The argument given that exemption adds to costs since the taxes paid on inputs sticks to the final products is valid. There is no gainsaying denying the fact that exemptions in a value-added taxation scheme are never good. They militate against the concept of a VAT. But given the sheer number of exemptions that dot the CGST and IGST tariff, this is not a convincing argument, especially in the present time. There were requests by some states for zero-rating, which in simple terms means the entire value chain of the supply is exempt from tax. The law as it stands today permits zero-rating in very limited specific situations and would require a major amendment. The decision to constitute a GOM to examine extending the exemption to other individual items would mean an anxious wait for many.
The need is now and would have cost the Government very little in terms of revenue but would been a huge step forward in regaining the trust of the States.
The Finance Secretary in the press conference while explaining why exemptions were not considered raised the issue that the benefit of such exemptions would not reach the intended recipient since in the hands of a private hospital the patient would be charged. Here too the State governments are equipped under the powers vested under the Disaster Management Act to enforce discipline in the private hospital space. They could have been suitably advised to do so. These gestures would have been small but would have had a huge impact. This was an opportunity missed in building bridges with the States. And so, very promptly after the Council meeting, we had the sight of some opposition ministers accusing the Central Government of lack of ‘compassion’.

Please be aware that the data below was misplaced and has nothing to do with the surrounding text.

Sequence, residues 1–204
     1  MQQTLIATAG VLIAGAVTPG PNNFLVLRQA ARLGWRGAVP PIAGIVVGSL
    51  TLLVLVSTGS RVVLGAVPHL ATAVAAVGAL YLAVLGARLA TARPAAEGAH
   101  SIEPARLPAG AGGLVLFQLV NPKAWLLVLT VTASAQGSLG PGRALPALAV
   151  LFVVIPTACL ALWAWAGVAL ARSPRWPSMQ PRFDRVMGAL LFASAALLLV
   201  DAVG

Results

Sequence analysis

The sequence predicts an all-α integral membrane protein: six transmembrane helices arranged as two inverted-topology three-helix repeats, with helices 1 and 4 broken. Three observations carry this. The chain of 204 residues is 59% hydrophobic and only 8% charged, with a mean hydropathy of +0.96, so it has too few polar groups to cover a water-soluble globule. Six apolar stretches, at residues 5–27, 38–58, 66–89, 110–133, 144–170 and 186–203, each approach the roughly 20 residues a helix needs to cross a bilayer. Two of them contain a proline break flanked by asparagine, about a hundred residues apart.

‘Compassion’, as has been mentioned by one commentator, has been shown in extension of timelines for filing returns, to the small taxpayers (under Rs 5 crore), in the capping of late fee for pending returns, and some beneficial dispensation for the larger taxpayer. This would reduce compliance burdens. Some other simplification measures have also been recommended by the Council as also reduction of/exemption from, liability on supply of certain services -services supplied to an educational institution, for the conduct of examinations by the National Board of Examination, extension of maintenance, repair, operation (MRO) facility as available to the aviation sector to the shipping industry also.
The one real positive was the forthright mention in the press conference (not mentioned strangely in the press release though) that the Central Government would stand by its commitment to meet the GST compensation shortfall. This is one major bone of contention less. The compensation shortfall has been estimated to be around Rs.1.58 lakh crore- the amount dependent upon the revenue collection going forward in 2021-22. The FM also mentioned that a special Council meeting would be called to discuss the issue of extending the 5-year limit of compensation. This too is a welcome measure. And should a consensus emerge for an extension of the compensation timelines, the opportunity should also be used to examine if the very high 14% rate to calculate compensation should continue. The States should be persuaded to accept a more realistic 10-12%. There would be an argument that given the present fiscal position this may perhaps not be the right time -but this is an issue for which they can never be the right time.
All in all, an opportunity was missed to address several concerns-and more importantly in reducing the trust deficit. The GST Council is too important an institution to be reduced to a political football. While it is ‘not the end of the road for India’s GST ‘as some political commentators have claimed, the fact remains that the Council needs careful nurturing-and the ball is firmly in the Centre’s court.
—Najib Shah is retd. Chairman of Central Board of Indirect Taxes and Customs. The views are personal.
Read his other columns here